As a junior, Hunter Hadsock had a rough start to his CHSAA career. However, the Glenwood Springs goalie rebounded with a productive senior season, posting a .901 save percentage and 2.45 goals-against average. Photo courtesy of Jay Hammond
Demons goalie Hunter Hadsock
Hunter Hadsock entered a Jan. 23 game against Battle Mountain feeling, in his words, “super confident.”
He had no reason not to be.
The Glenwood Springs goaltender was in the midst of a solid season and had shut out the rival Huskies with a 39-save performance nine days prior. It was a good place to be, as Hadsock was coming off a junior year that involved some struggles and tough lessons learned.
In the late-January rematch with Battle Mountain, Hadsock made 26 saves to help his team to a 3-2 triumph. A day later, he stopped 53 shots in the Demons' 3-3 tie with Chaparral.
It was one of Hadsock’s finest stretches of a senior year that followed an offseason spent developing his game both physically and mentally. After an uneven junior season, Hadsock finished his prep career as one of the most improved goalies in the Colorado High School Activities Association (CHSAA).
He played the third-most minutes (959:09) of all goalies in the regular season, and his 11 victories was tied with two others, including CHSAA All-State Second Team goalie AJ DiChiara of Kent Denver, for the most in the league.
Hadsock's 2.75 goals-against average was the best among goalies logging more than 800 minutes in regular-season play, while his .902 save percentage was tied with three others for second-best behind DiChiara's .930.
Glenwood Springs didn’t have high school hockey until the 2018-19 season, fielding only a club team in previous years.
The Demons’ first season of CHSAA play came with a learning curve as Glenwood Springs skaters were forced to adjust to a more rigidly refereed game. The Demons led the league with 84 penalty-killing opportunities that year — over 20 more than the next closest team — resulting in opponents getting a lot of shots on goal while generating extra work for Hadsock.
“We had a lot of penalty minutes, so I saw a lot of shots,” he said. “I let in a lot of goals. My save percentage definitely wasn’t that good for my junior year, but it definitely helped me understand what to look forward to in a higher level of hockey.”
Hadsock’s numbers as a junior don’t jump off the page: an 8-10-0 overall record to go with an .852 save percentage and a 4.95 GAA.
Glenwood Springs coach Tim Cota believed Hadsock was better than those stats and for good reason.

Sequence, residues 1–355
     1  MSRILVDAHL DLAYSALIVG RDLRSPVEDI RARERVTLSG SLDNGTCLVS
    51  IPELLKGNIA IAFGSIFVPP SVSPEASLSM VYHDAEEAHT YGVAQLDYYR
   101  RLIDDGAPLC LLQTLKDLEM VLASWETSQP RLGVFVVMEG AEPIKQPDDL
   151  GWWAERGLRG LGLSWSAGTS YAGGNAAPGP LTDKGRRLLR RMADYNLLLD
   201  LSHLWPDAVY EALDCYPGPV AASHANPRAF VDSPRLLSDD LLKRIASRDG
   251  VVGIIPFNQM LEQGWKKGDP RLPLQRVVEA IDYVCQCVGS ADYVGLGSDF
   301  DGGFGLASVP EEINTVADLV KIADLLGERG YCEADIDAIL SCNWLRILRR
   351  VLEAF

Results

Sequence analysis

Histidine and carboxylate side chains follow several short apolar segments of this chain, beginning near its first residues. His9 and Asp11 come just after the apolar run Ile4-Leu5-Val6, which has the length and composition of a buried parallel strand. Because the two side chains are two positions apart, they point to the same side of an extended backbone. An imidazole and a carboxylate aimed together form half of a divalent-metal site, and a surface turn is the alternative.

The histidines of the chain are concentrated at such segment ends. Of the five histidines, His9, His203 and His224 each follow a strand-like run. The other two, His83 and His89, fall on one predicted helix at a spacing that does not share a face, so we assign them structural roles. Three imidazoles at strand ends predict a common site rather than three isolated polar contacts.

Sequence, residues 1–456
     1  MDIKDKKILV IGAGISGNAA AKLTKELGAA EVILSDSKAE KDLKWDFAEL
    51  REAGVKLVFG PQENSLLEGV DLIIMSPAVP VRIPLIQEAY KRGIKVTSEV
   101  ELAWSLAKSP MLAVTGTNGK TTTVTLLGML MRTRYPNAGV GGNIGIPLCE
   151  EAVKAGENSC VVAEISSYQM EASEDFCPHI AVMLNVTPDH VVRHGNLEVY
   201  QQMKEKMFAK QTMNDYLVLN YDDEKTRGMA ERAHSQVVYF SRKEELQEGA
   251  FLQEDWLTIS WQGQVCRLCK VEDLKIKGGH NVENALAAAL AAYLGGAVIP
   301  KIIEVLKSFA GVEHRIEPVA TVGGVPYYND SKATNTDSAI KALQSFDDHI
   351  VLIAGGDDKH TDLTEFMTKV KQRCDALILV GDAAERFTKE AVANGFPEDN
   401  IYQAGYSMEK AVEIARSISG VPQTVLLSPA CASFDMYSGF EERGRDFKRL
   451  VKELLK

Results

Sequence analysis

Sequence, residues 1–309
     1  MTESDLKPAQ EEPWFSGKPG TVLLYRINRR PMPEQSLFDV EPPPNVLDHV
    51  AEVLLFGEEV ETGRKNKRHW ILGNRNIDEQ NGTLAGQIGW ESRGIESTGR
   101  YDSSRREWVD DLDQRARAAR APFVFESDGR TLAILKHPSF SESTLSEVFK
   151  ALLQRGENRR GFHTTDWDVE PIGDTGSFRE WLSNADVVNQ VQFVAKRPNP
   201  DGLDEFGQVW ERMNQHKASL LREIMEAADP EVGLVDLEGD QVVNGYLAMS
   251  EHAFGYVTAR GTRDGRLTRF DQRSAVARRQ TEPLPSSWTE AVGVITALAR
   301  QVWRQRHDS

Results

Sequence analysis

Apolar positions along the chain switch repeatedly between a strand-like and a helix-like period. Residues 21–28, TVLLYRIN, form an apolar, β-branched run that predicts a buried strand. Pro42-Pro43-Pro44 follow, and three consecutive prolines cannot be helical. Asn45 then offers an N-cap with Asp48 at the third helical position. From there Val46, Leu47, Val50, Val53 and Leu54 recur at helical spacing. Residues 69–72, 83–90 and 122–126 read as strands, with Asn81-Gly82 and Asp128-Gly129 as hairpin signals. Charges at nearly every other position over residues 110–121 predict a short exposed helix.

Cota has coached Hadsock for five seasons and noticed the goalie's raw ability to play the position when Hadsock was in eighth grade. Even though he had the physical tools, Hadsock hadn't achieved more success because the mental aspect of goaltending had slowed him down. That was until midway through his junior year.
“We started to see that mental aspect change with him where he wasn’t so reactionary to every goal that was going by him,” Cota said. “He just was more consistent, didn’t let it get to him, and he just became our backbone.”
Just as his team had to adjust to different rules upon joining the CHSAA, Hadsock needed to find the cerebral strength to succeed in varsity high school hockey.
Hadsock spent much of the offseason between his junior and senior campaigns training at camps in Denver. Beyond that, he had little specialized goalie training in Glenwood Springs, and determined what specifically he should be working on to continue developing his skills. It was an approach he picked up from Cota over time.
“Once the kids get a little older with me, I give them a little bit more empowerment,” Cota said. “They can empower themselves. They can let me know what’s going on, what they need from me as a coach.”
Hadsock began his senior year with renewed confidence and ended the regular season on Feb. 22 with another solid performance, stopping 27 of 30 shots in the Demons' tie with Aspen. The transformation was complete and his season stats proved it: a 12-5-3 overall record, a .901 save percentage and 2.45 goals-against average.
“I just was way more confident in myself,” Hadsock said. “I was having a lack of confidence — I’m pretty sure — during years past. I was just getting pelted. I was just way more confident in my team and it led to me being more confident in myself.”
Hadsock’s hockey future is uncertain for now, with the COVID-19 pandemic having derailed opportunities for ice time after the high school season concluded. If he has played his final game, he’s fine with having proven high school hockey wasn’t too much for him.
“It went a lot better,” Hadsock said of his senior year. “I definitely feel like I settled down into the CHSAA with my team. We definitely played way more like a family. I felt way more confident in myself.
"I was way more clear-headed my senior year and it just was an overall way better experience.”
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